Free-spending bishop expelled from diocese
Pope Francis takes action against German cleric caught up in scandal over €31 million residence
Pope Francis temporarily expelled a German bishop from his diocese yesterday because of a scandal over a €31 million (HK$330 million) project to build a new residence complex, but he refused calls to remove him permanently.
The Vatican did not say how long Bishop Franz-Peter Tebartz-van Elst would spend away from the diocese of Limburg and gave no information on where he would go or what he would do. It said he was leaving pending the outcome of a church commission investigation into the expenditures and his role in the affair.
Limburg's vicar general, the Reverend Wolfgang Roesch, who had been due to take up his duties on January 1, would instead start work immediately and run the diocese during Tebartz-van Elst's absence, the Vatican said.
At the centre of the controversy is the €31 million price tag for the construction of a new bishop's residence complex and related renovations. Tebartz-van Elst has defended the expenditures, saying the bill was actually for 10 projects and that there were additional costs because of regulations on historic buildings.
But in a country where Martin Luther launched the Reformation five centuries ago in response to what he said were excesses and abuses within the church, the outcry has been enormous. The perceived lack of financial transparency has also struck a chord, since a church tax in the country brings in billions of euros a year to the German church.
The head of the German bishops' conference, Archbishop Robert Zollitsch, has been particularly blunt in his criticism of the expenditures and the credibility problem it was causing the church.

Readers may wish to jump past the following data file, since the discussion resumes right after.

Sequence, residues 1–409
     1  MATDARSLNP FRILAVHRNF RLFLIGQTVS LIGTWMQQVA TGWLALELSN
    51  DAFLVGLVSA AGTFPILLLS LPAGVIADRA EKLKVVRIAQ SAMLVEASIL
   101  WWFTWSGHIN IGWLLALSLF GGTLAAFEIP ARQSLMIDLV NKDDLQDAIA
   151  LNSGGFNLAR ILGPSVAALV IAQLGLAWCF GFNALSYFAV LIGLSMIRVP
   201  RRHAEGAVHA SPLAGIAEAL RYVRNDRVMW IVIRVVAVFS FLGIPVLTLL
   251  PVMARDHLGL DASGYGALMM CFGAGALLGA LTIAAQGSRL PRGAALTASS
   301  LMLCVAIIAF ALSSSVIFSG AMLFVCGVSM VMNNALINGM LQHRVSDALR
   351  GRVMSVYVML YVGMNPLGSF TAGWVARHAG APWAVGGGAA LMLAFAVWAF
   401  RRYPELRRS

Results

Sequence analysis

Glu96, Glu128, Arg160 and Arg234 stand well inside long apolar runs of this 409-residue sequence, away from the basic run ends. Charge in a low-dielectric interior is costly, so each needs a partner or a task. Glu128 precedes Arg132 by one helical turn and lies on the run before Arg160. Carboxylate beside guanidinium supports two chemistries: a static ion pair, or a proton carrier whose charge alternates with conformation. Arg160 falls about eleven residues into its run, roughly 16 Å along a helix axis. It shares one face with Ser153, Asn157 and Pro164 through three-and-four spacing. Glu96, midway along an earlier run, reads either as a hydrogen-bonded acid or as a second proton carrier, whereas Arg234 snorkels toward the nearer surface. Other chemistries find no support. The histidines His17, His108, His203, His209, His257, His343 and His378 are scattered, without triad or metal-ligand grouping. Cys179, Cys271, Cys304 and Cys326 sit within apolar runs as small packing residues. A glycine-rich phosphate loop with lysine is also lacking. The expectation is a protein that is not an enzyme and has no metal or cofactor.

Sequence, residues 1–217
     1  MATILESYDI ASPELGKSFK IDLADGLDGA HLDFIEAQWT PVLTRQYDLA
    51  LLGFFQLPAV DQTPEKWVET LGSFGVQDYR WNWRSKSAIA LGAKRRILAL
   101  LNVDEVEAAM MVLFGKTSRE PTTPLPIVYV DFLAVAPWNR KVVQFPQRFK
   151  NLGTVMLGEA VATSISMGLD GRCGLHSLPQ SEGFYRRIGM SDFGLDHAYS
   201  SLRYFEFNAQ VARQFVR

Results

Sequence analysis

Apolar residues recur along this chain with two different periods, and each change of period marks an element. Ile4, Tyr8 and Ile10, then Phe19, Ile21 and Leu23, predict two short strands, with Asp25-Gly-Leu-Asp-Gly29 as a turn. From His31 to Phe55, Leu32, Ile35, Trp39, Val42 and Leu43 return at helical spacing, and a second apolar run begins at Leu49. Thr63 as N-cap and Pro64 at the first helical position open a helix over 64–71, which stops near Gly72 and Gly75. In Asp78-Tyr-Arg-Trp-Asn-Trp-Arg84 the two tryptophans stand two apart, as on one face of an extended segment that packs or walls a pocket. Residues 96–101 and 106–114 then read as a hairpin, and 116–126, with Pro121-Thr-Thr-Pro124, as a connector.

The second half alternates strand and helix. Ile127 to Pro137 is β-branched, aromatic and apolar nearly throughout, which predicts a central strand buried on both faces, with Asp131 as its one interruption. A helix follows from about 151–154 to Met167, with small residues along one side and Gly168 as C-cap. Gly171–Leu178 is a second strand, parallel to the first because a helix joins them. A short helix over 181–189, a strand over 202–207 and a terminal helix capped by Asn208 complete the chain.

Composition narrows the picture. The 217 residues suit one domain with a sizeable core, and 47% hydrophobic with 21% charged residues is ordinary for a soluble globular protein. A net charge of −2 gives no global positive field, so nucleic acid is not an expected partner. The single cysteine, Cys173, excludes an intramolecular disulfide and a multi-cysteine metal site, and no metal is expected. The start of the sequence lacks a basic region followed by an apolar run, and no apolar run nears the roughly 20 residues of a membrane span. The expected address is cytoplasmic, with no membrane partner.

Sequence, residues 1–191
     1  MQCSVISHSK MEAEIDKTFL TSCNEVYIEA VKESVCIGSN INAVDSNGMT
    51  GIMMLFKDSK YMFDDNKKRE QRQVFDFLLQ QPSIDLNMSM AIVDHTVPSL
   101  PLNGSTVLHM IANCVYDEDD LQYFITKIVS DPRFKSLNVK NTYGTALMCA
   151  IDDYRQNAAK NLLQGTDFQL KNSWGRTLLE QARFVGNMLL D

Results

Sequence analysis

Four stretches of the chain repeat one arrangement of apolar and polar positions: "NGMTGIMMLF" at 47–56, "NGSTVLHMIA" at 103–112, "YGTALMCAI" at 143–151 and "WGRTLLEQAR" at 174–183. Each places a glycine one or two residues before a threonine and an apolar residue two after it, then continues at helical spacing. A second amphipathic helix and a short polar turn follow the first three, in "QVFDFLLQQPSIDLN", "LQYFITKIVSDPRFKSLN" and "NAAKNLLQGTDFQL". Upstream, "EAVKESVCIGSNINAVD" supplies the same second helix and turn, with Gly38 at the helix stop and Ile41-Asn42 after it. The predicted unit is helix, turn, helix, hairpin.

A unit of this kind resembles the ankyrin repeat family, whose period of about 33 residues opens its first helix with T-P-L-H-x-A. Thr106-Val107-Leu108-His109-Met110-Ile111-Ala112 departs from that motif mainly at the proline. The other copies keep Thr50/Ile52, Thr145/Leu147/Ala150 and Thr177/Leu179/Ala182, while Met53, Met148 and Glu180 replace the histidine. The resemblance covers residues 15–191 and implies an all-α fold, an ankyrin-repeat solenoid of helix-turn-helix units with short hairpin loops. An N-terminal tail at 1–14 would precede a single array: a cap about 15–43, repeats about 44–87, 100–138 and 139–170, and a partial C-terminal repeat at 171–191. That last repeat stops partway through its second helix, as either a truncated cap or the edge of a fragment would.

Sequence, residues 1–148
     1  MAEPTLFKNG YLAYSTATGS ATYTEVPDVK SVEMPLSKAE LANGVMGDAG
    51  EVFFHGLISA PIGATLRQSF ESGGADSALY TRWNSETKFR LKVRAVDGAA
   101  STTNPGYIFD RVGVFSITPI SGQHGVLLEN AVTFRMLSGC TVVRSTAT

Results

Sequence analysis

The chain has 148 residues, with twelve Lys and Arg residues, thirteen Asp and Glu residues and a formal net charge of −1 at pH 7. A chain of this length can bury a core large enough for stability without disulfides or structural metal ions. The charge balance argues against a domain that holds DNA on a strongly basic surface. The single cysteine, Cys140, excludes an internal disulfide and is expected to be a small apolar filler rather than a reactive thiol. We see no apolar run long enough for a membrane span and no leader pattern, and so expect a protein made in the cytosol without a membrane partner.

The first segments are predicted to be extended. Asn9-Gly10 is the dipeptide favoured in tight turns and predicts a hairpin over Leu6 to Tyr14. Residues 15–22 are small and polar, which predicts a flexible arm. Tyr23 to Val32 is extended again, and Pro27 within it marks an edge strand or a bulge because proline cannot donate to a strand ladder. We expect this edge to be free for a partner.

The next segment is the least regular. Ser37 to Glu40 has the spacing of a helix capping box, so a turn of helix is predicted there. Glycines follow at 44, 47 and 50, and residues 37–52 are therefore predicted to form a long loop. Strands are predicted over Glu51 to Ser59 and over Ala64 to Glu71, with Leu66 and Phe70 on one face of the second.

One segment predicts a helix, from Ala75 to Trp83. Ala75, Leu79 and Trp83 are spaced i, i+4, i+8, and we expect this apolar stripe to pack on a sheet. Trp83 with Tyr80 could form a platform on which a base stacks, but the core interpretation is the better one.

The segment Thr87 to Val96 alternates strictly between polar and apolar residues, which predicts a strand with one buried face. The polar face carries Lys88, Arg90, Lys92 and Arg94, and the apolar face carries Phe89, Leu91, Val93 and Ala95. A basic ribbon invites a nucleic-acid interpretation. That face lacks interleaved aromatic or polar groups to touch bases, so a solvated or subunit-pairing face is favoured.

Zollitsch has said the church commission would investigate the renovation.
In a statement yesterday, Zollitsch did not elaborate on Tebartz-van Elst's future or the length of his time-out but pledged that the commission would do its work "quickly and carefully".
The Pope's decision opens "a space to return to inner calm and create a new basis for talks".
The Vatican stressed that the Pope took the decision based on "objective" information, suggesting that the Vatican was not being swayed by the popular outcry over the scandal. At the same time, though, the pontiff has made clear he expects his bishops to live simply, setting as an example his own humble lifestyle.
He has said he wants his church "poor and for the poor" and has urged his priests to shun fancy cars for modest ones.
Tebartz-van Elst met with Pope Francis on Monday.
Germany's main lay Catholic group, the Central Committee of German Catholics, praised the decision as creating "the necessary space to clear up completely and firmly the events in Limburg", said the group's head, Alois Glueck.
Franz-Josef Bode, bishop of Osnabrueck, said the Pope had made a "smart" decision which gave all concerned time to review the situation calmly. But in comments to the German newspaper Die Welt, he cast doubt on Tebartz-van Elst returning to Limburg in the future.
"There is a fundamental crisis of confidence in Limburg," he was quoted as saying. "The situation there is a mess."